Full Speed Ahead with Handbrake
The H.264 pane allows Handbrake users to tweak various advanced x264 settings to their specifications. For the average user (such as myself), this pane can be left alone. Those interested in the settings here can consult the Handbrake Web site's user guide page, although as the page notes, it (at the time of this writing) hasn't been updated yet for 0.9.4.
The Chapters pane gives you the option of including chapter markers at the same places the chapter breaks exist on the original DVD. To activate this, select the Chapter Markers box. The length of each chapter is displayed, as well as generic titles reading “Chapter 1”, “Chapter 2” and so forth. If you want to create specifically named chapter titles (such as “That cool scene where Magneto makes the guns hover” or “Statue of Liberty slugfest”), click on the chapter title of choice and type a new name.
For my usage, I keep the Chapter Markers box checked, although I usually don't bother renaming the chapters.
After performing all the previous customizing steps, you might want to save these settings for future reuse. To do this, click the Save button shown in Figure 3 at the bottom of the Presets pane, and give the desired settings a custom name in the box that appears. The new preset then will appear in the Presets pane, ready to use for future video conversions.
After finishing all of the above, to begin conversion, click Start. For my computer, an HP laptop with 4GB of RAM and a 2.1GHz Intel Core 2 Duo T6500 processor, running Ubuntu 9.10 (64-bit), it took two hours and 43 minutes to convert the X-Men movie (which runs an hour and 44 minutes) using the High Profile preset. The end result of all this, of course, is that I now have a high-quality movie file that I can view (or use) as I wish.
As you can see, Handbrake is a great program for those wishing to convert their video media, particularly their DVDs, to a more versatile digital format. Thanks to Handbrake, I've converted much of my DVD collection for easy access and viewing on my laptop, allowing me to enjoy watching Hugh Jackman (or Bugs Bunny) in action while away from my TV set or away from my apartment entirely.
Anthony Dean works as a file clerk for the city of Milwaukee, Wisconsin. He's been using Linux as a primary operating system since 2005. Anthony can be reached at firstname.lastname@example.org.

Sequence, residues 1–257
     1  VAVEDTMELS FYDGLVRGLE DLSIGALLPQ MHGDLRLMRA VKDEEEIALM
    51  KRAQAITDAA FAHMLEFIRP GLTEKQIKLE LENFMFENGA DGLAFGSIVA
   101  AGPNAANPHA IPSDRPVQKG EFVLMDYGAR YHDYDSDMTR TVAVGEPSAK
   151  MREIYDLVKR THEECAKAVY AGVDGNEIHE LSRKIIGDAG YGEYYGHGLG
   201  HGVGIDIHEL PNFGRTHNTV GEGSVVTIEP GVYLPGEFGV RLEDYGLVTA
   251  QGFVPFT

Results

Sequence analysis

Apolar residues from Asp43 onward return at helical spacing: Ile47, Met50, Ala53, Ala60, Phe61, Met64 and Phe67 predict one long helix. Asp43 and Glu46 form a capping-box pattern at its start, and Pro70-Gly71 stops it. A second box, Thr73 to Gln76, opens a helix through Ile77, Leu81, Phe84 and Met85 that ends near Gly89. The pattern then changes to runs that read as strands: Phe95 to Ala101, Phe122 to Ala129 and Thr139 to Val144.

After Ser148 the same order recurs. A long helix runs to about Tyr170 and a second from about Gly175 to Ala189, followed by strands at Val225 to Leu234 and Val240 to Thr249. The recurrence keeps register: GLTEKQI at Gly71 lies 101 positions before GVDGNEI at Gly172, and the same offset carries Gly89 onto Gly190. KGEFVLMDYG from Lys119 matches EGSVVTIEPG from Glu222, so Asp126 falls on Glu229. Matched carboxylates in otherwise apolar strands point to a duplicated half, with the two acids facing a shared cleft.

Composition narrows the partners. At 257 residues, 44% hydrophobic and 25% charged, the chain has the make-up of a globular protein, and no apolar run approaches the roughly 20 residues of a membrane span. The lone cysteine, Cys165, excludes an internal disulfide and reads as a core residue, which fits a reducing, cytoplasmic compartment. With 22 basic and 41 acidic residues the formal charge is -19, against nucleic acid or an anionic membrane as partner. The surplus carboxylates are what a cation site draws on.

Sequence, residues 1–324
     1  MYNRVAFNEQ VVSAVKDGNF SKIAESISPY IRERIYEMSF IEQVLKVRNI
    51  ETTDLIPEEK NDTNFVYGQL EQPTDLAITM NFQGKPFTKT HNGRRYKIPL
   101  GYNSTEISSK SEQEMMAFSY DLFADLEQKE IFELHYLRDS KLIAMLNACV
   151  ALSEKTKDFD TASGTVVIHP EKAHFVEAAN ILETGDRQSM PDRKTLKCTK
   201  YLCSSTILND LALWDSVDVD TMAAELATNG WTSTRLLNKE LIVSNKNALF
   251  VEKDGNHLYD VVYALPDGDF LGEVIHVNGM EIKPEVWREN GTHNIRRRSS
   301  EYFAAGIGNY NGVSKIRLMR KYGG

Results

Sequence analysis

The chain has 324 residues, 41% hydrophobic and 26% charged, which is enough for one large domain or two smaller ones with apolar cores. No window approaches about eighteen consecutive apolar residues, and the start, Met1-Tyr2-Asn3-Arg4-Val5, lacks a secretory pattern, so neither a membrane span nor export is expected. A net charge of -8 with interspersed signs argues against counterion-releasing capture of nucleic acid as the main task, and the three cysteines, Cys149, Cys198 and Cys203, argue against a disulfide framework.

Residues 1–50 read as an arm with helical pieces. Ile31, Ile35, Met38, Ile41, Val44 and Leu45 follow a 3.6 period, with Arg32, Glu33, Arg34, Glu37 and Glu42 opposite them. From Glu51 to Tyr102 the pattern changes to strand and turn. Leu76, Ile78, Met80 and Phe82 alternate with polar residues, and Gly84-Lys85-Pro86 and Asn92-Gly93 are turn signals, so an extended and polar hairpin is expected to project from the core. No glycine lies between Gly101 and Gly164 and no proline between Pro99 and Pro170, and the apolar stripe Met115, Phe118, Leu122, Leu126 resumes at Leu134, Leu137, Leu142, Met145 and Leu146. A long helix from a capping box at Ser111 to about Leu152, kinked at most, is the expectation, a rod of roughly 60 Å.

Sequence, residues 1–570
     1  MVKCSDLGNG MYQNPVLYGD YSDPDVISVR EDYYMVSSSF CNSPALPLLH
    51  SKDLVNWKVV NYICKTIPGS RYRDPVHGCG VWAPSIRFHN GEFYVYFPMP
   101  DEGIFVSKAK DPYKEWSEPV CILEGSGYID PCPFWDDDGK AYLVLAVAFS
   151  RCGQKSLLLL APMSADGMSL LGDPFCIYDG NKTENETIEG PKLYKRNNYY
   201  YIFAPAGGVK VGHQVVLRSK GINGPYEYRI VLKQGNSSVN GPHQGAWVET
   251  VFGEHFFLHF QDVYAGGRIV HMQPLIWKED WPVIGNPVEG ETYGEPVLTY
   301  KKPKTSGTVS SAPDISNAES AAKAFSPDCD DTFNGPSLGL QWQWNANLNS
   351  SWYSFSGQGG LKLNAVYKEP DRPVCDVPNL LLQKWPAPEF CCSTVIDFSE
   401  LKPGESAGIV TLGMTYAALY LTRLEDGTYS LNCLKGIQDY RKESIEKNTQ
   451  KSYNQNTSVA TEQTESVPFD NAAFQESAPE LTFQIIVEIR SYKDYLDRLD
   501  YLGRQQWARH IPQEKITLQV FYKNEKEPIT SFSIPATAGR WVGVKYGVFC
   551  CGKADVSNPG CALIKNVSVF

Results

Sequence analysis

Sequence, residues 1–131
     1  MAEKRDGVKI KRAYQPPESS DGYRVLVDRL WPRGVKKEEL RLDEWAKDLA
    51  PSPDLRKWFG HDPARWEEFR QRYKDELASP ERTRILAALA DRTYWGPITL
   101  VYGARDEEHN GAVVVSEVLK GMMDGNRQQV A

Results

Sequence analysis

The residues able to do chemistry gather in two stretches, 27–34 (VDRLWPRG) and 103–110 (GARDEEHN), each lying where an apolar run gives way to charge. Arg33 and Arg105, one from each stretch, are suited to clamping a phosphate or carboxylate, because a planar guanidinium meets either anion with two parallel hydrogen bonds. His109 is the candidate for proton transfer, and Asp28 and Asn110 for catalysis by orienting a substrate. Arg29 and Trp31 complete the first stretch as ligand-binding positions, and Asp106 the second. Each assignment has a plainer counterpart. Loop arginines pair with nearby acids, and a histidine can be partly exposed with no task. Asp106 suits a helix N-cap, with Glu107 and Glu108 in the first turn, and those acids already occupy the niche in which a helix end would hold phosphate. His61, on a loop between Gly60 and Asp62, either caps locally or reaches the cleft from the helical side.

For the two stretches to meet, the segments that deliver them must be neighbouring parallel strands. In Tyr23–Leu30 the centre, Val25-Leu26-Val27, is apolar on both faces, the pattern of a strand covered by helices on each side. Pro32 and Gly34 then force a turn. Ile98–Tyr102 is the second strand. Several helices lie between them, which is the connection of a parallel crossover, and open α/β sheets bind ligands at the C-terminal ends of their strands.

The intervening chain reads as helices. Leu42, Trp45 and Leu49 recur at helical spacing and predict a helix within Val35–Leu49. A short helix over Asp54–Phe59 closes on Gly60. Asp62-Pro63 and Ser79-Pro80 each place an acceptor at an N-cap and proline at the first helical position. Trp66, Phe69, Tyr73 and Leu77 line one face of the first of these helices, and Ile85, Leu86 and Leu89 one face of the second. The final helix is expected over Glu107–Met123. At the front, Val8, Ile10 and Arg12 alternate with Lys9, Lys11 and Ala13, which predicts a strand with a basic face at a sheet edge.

Practical Task Scheduling Deployment
July 20, 2016 12:00 pm CDT
One of the best things about the UNIX environment (aside from being stable and efficient) is the vast array of software tools available to help you do your job. Traditionally, a UNIX tool does only one thing, but does that one thing very well. For example, grep is very easy to use and can search vast amounts of data quickly. The find tool can find a particular file or files based on all kinds of criteria. It's pretty easy to string these tools together to build even more powerful tools, such as a tool that finds all of the .log files in the /home directory and searches each one for a particular entry. This erector-set mentality allows UNIX system administrators to seem to always have the right tool for the job.
Cron traditionally has been considered another such a tool for job scheduling, but is it enough? This webinar considers that very question. The first part builds on a previous Geek Guide, Beyond Cron, and briefly describes how to know when it might be time to consider upgrading your job scheduling infrastructure. The second part presents an actual planning and implementation framework.
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With all the industry talk about the benefits of Linux on Power and all the performance advantages offered by its open architecture, you may be considering a move in that direction. If you are thinking about analytics, big data and cloud computing, you would be right to evaluate Power. The idea of using commodity x86 hardware and replacing it every three years is an outdated cost model. It doesn’t consider the total cost of ownership, and it doesn’t consider the advantage of real processing power, high-availability and multithreading like a demon.
This ebook takes a look at some of the practical applications of the Linux on Power platform and ways you might bring all the performance power of this open architecture to bear for your organization. There are no smoke and mirrors here—just hard, cold, empirical evidence provided by independent sources. I also consider some innovative ways Linux on Power will be used in the future.Get the Guide